In his book "Defying Hitler," written in exile in England in 1939, journalist Sebastian Haffner recalled the "icy horror" he felt when he had learned of Hitler’s appointment while working as a clerk at the Kammergericht court in Berlin six years earlier. For a moment, he had "physically sensed (Hitler’s) odor of blood and filth." But on the evening of Jan. 30, he discussed the views of the new government with his father, a liberal progressive-educator, and they quickly agreed that while the cabinet could do a lot of damage, it couldn’t stay in power for very long. "A deeply reactionary government, with Hitler as its mouthpiece. Apart from this, it did not really differ much from the two governments that had succeeded Brüning's. … No, all things considered, this government was not a cause for alarm."
The big liberal newspapers also argued that nothing truly terrible would happen. Theodor Wolff, the editor-in-chief of the Berliner Tageblatt saw the cabinet as the embodiment of what the united right-wing political groups had wanted since their meeting in Bad Harzburg in 1931. He opened his editorial on Jan. 31 by writing: "It has been achieved. Hitler is the Reich Chancellor, Hugenberg is the economics dictator and the positions have been distributed as the men of the ‘Harzburger Front’ had wanted." The new government, he argued, would try anything to "intimidate and silence opponents." A ban on the Communist Party was on the agenda, he thought, as well as a curtailing of the freedom of the press. But even the imagination of this otherwise so clear-sighted journalist didn’t go far enough to conceive the power of a totalitarian dictatorship. He argued there was a "border that violence would not cross." The German people, who were always proud of the "freedom of thought and of speech," would create a "soulful and intellectual resistance" and stifle all attempts to establish a dictatorship.
In the Frankfurter Zeitung, politics editor Benno Reifenberg expressed doubt Hitler had the "social competence" for the office of chancellor, but didn’t think it was out of the question that the responsibility of his office might transform him in ways that could earn him respect. Like Theodor Wolff, Reifenberg described it as "a hopeless misjudgment of our country to believe a dictatorial regime could be forced upon it." "The diversity of the German people demands democracy," he wrote.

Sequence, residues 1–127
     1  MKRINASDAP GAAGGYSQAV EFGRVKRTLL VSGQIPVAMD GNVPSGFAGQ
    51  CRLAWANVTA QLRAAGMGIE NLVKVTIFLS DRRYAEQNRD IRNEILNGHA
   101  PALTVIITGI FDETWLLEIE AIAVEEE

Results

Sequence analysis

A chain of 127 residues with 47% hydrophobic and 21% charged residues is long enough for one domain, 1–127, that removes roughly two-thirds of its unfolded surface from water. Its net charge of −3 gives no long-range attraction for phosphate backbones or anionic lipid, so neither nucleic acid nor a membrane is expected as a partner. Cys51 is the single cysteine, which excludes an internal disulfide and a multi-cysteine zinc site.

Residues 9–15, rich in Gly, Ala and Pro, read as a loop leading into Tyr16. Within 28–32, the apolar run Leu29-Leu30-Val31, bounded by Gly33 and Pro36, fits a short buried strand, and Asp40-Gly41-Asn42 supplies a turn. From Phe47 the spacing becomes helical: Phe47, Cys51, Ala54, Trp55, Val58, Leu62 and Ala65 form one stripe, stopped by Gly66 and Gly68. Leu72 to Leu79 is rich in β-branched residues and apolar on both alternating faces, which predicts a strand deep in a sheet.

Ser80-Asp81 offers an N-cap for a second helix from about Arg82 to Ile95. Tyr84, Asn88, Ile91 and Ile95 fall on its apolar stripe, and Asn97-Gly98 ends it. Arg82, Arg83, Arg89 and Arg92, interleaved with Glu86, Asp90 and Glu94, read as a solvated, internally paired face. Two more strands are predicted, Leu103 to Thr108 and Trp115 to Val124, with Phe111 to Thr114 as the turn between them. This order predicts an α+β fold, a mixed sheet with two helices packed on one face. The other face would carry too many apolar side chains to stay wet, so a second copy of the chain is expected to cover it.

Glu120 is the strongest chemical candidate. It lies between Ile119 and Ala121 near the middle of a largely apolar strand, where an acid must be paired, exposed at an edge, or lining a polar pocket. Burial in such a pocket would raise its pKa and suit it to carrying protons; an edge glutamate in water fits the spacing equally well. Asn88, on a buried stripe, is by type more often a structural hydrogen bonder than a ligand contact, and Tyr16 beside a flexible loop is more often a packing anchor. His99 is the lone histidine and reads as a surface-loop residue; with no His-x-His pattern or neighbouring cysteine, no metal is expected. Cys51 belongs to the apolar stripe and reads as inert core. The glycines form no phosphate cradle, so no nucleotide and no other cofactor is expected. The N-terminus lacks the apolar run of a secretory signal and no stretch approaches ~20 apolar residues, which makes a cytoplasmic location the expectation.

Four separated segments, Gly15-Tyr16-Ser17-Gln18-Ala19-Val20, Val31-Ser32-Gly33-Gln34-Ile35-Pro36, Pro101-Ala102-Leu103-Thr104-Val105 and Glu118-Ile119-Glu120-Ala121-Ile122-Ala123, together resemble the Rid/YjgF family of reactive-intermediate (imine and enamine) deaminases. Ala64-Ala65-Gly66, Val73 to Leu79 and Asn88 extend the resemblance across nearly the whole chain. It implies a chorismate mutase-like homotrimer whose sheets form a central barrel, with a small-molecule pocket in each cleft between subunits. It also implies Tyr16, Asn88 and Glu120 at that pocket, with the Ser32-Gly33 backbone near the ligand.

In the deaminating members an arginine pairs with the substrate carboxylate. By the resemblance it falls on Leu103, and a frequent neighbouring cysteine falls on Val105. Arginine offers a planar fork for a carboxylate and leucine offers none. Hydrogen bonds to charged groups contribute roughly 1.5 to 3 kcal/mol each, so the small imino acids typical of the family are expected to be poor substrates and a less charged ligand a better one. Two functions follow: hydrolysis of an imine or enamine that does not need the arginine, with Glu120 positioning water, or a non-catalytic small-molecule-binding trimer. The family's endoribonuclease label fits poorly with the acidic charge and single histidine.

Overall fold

Julius Elbau, the editor-in-chief of the Vossischer Zeitung, displayed less optimism. "The signs are pointing to a storm," he wrote in his first commentary. Although Hitler wasn’t able to achieve the absolute power he sought -- "it is not a Hitler cabinet, but a Hitler-Papen-Hugenberg government" -- this triumvirate was in agreement, despite all of their inner contradictions, that they wanted to make a "complete break from all that had come before." Given this prospect, the newspaper warned that it constituted "a dangerous experiment, which one can only watch with deep concern and the strongest suspicion."
The left was also concerned. In their appeal on Jan. 30, the party executive of the Social Democrats and their Reichstag parliamentary group called for supporters to carry out a "fight on the basis of the constitution." Every attempt by the new government to damage the constitution, they argued, "will be met with the most extreme resistance of the working class and all elements of the population who love freedom."
With their strict insistence on the legalities of the constitution, the Social Democratic Party (SPD) leadership overlooked the fact that the previous presidential governments had already hollowed the constitution and that Hitler would not hesitate to destroy its last vestiges.
The Communist Party of Germany (KPD) also made a misjudgment in its call for a "general strike against the fascist dictatorship of Hitler, Hugenberg, Papen." Given that there were 6 million unemployed people in Germany, few had the desire to go on strike. The call to build a common line of defense also wasn’t very popular with the Social Democrats, whom the Communists had defamed as "social fascists" only a short time earlier.
The idea of taking action outside of parliament was just as far from the unions’ minds. "Organization -- not demonstration: That is the word of the hour!" Theodor Leipart, the head of the General German Trade Union, said on Jan. 31. In the views of the representatives of the social-democratic workers’ movement, Hitler was a henchman of the old socially reactionary power-elites -- large landowners in the eastern Elbe region and the Rhineland-Westphalian heavy industry. In a talk in early February 1933, SPD Reichstag lawmaker Kurt Schumacher described the Nazi leader as being merely a "decoration piece." "The cabinet has Hitler’s name on the masthead, but in reality the cabinet is Alfred Hugenberg. Adolf Hitler may make the speeches, but Hugenberg will act."
The dangers emanating from Hitler could not have been more grotesquely misread. Most of the leading Social Democrats and unionists had grown up in the German Kaiserreich. They could imagine repression similar to Bismarck’s anti-socialist law, but not that someone would seriously try to destroy the workers’ movement in its entirety.